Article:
The Creator Economy Is a Passport to Riches for a Few, a Pipe Dream for the Rest

Why Wannabe Influencers and Creators Need a Reality Check on Social Media

The rise of the Creator Economy in recent years has made some social media influencers very rich. Attracted by their successes, Millions of so-called Creators, who create everything from YouTube/TikTok videos, to Instagram reels, and LinkedIn articles, not to leave out Facebook and Twitter posts and tweets, have flocked to these channels to try their luck.

Indeed, the Creator Economy and its successes in minting Millionaires have made it into a Billion Dollar Industry, rivaling or even overtaking traditional forms of content creation. However, the question that one must ask is whether the riches of the influencers, who number in thousands or at best, tens of thousands, should induce the Millions more to “give it all” on social media.

In other words, is the Creator Economy worth it for all, or it is a pipe dream? As we shall explain subsequently, the evidence points to the latter as data reveal the “skewed” distribution of rewards from creating content. What this means is that either social media or LinkedIn should spread the net of money wide or wannabe creators need a healthy reality check.

Why We Must Welcome the Creator Economy and Embrace the Emerging Web 3.0

Having said that, it is not that we are belittling the Creator Economy. This portal on which you are reading this article has been enabled mainly due to the rise of the Internet Economy. Given the successes of this and other portals, the Internet remains a viable and more importantly, an eve field for earning money.

In addition, the Creator Economy is the “bridge” between the old era of traditional work and the emerging Digital Age. So, we should all celebrate the rise of the Creator Economy and do our bit to promote our peers, family members, friends, and colleagues and conversely take their help to promote ourselves in the Creator Economy.

Moreover, the rise of the Web 3.0 heralds a new paradigm of decentralized and distributed Creator Economy where the power lies in the hands of individuals, instead of a few platforms that would further democratize the money making aspects of the Creator Economy.

Indeed Web 3.0 and the Metaverse represent the culmination of years of hard work by creators who had always wanted a more deregulated channel for earning and sharing wealth. Given these reasons, we are all for participating in the Creator Economy to earn a living.

Creator Economy

The Creator Economy, In Its Present Form, Benefits the Few, and the Rest Languish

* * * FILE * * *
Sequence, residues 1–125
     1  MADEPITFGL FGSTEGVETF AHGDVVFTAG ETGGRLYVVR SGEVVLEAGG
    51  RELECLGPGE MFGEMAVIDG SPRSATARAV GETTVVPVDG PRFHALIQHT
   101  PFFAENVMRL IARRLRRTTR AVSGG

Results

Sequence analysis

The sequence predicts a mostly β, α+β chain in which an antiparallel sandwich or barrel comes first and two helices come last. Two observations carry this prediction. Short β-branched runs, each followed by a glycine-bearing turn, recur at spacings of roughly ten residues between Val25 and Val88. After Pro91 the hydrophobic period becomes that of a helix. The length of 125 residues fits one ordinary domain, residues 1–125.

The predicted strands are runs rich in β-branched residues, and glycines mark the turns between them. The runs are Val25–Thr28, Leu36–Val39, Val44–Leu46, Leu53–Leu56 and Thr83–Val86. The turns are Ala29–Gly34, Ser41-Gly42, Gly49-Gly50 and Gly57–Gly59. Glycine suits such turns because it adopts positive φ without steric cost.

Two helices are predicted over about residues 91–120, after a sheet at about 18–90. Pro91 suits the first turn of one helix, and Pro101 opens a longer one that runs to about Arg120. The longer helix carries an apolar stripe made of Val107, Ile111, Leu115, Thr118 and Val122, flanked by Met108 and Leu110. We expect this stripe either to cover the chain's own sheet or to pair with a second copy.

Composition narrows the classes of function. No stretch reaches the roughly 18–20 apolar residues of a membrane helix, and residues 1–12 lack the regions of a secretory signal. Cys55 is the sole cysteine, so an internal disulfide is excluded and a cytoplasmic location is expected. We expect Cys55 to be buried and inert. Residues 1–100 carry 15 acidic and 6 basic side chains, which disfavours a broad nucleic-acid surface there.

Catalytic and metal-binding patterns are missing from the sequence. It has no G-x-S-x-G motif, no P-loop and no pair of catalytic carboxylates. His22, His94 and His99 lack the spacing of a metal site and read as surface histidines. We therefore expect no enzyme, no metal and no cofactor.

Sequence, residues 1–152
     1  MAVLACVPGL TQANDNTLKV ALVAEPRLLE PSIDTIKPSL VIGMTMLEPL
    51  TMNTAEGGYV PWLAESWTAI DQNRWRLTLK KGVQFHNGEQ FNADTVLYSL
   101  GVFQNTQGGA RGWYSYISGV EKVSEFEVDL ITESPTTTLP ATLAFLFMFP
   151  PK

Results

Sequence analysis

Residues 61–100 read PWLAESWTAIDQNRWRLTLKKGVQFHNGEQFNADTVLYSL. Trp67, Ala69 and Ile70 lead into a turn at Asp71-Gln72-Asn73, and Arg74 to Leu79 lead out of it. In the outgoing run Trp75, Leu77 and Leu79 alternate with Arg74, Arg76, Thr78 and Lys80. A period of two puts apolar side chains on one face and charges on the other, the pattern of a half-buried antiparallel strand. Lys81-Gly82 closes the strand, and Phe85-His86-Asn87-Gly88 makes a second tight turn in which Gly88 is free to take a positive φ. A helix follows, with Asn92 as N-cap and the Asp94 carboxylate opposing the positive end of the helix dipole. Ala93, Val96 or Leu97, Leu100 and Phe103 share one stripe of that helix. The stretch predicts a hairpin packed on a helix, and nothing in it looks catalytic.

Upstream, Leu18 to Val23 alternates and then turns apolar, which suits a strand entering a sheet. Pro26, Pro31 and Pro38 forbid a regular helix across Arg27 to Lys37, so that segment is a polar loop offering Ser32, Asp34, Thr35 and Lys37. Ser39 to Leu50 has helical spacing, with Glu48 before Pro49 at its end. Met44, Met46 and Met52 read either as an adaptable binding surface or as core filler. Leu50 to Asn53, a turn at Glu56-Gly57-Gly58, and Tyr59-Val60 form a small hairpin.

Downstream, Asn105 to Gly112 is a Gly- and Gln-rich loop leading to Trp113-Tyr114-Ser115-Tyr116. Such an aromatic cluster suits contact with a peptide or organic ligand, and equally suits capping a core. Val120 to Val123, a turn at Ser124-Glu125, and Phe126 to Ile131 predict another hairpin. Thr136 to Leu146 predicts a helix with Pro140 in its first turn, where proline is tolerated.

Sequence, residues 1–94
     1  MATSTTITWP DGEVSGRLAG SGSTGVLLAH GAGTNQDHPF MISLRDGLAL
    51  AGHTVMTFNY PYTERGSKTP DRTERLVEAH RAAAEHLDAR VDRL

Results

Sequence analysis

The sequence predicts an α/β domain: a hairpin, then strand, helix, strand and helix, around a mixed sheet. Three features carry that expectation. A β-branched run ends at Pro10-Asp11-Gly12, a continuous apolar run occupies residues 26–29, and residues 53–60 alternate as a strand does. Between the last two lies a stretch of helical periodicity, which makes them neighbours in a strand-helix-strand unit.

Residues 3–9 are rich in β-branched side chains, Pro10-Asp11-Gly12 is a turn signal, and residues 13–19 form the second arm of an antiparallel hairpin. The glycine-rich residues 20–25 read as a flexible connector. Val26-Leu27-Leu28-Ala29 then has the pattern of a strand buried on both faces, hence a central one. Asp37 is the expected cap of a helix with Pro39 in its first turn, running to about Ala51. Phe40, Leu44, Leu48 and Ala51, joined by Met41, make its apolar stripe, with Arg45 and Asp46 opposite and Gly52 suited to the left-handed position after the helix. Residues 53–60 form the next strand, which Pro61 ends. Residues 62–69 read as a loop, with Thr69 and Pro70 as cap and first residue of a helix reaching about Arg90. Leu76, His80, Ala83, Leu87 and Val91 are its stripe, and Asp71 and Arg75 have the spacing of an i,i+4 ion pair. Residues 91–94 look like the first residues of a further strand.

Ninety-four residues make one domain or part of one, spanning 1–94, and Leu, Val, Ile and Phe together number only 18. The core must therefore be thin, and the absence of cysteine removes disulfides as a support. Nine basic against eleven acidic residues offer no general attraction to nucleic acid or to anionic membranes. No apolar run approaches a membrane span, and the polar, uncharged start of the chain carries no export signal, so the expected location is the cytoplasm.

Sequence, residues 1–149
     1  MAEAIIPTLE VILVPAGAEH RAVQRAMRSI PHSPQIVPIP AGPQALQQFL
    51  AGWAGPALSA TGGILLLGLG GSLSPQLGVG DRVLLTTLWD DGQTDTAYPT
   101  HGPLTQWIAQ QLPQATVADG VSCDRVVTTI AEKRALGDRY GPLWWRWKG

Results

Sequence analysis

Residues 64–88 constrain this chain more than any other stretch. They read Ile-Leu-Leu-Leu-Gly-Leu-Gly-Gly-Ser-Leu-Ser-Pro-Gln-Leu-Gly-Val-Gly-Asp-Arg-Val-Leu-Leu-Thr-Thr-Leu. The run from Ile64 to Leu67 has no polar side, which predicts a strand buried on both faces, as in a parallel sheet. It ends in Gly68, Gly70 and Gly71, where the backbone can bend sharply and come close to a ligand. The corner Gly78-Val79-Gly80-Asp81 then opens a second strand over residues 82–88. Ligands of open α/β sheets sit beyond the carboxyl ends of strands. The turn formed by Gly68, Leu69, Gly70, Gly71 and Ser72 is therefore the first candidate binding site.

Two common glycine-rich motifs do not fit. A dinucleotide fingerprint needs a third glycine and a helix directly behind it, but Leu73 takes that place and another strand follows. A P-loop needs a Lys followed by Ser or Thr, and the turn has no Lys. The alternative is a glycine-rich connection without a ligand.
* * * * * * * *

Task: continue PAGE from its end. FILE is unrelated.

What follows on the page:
However, what our main argument is that the present form in which the Creator Economy rests on is not something desirable for equitable distribution of wealth.

For instance, how many YouTube and TikTok influencers make money that can earn a living from out of the Millions of members who make and share videos?

Further, how many LinkedIn posts and articles go viral and help the creators unlock wealth and value, when compared to the volumes of such content that is created and shared each day? So, our point is that unless we change the underlying model that mimics traditional forms of wealth creation, the Creator Economy would continue to be an unequal playing field.

Of course, we do not endorse just about everyone becoming an Influencer as then the principles of merit and competencies are violated. However, we advocate “flattening” the effort return curve rather than making it exclusive.

So, the next time you see a post on social media going viral; think of the Millions of equally good posts that languish for want of attention. In addition, the next time you see click bait content, do not be dismissive and instead, think of the time and effort behind it.

The Creator Economy Needs a Reboot and an Overhaul of Its Present Model

As we have repeatedly pointed out, the Creator Economy needs a reboot and perhaps, Web 3.0 is the answer. Until then, our advice to content creators is to continue posting good stuff and not simply hanker over virality and likes and comments.

Sometimes, posts go viral even when they lack substance and oftentimes, posts languish at the bottom even when they are well researched and composed. Nobody knows how social media algorithms work and this is the other argument that we are making.

Unless social media giants tweak their algorithms towards more even distribution of the rewards, the Creator Economy would remain like a Pyramid as far as the returns are concerned. This brings us to the point that we do not advocate “gaming” the algorithms by Creators or, trying to second guess what the algos want. Of course, to be honest, this is the sure and best way to earn money in the Creator Economy and we can recount personal experiences in the way we employed all kinds of tactics to make content go viral. The best approach would be to stick to basics through ranking best practices and create noteworthy content instead of beating and gaming the algorithm.

We Need the Creator Economy to Become More Equitable

Last, sometimes we feel as though the Creator Economy has become too crowded and there is a need for more filtering and winnowing of the creators, based on the factors that we discussed. However, this is unlikely to happen as the Gig/Creator Economy is the backbone of the Digital Economy and so, in the future, we would see an explosion of creators, rather than a reduction. Moreover, Web 3.0 promises to make creators out of all humans on Earth.

To conclude, what we propose is the Creator Economy becoming a more socially just place rather than being an Oligarchic Monopoly.

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Economics of Human Resources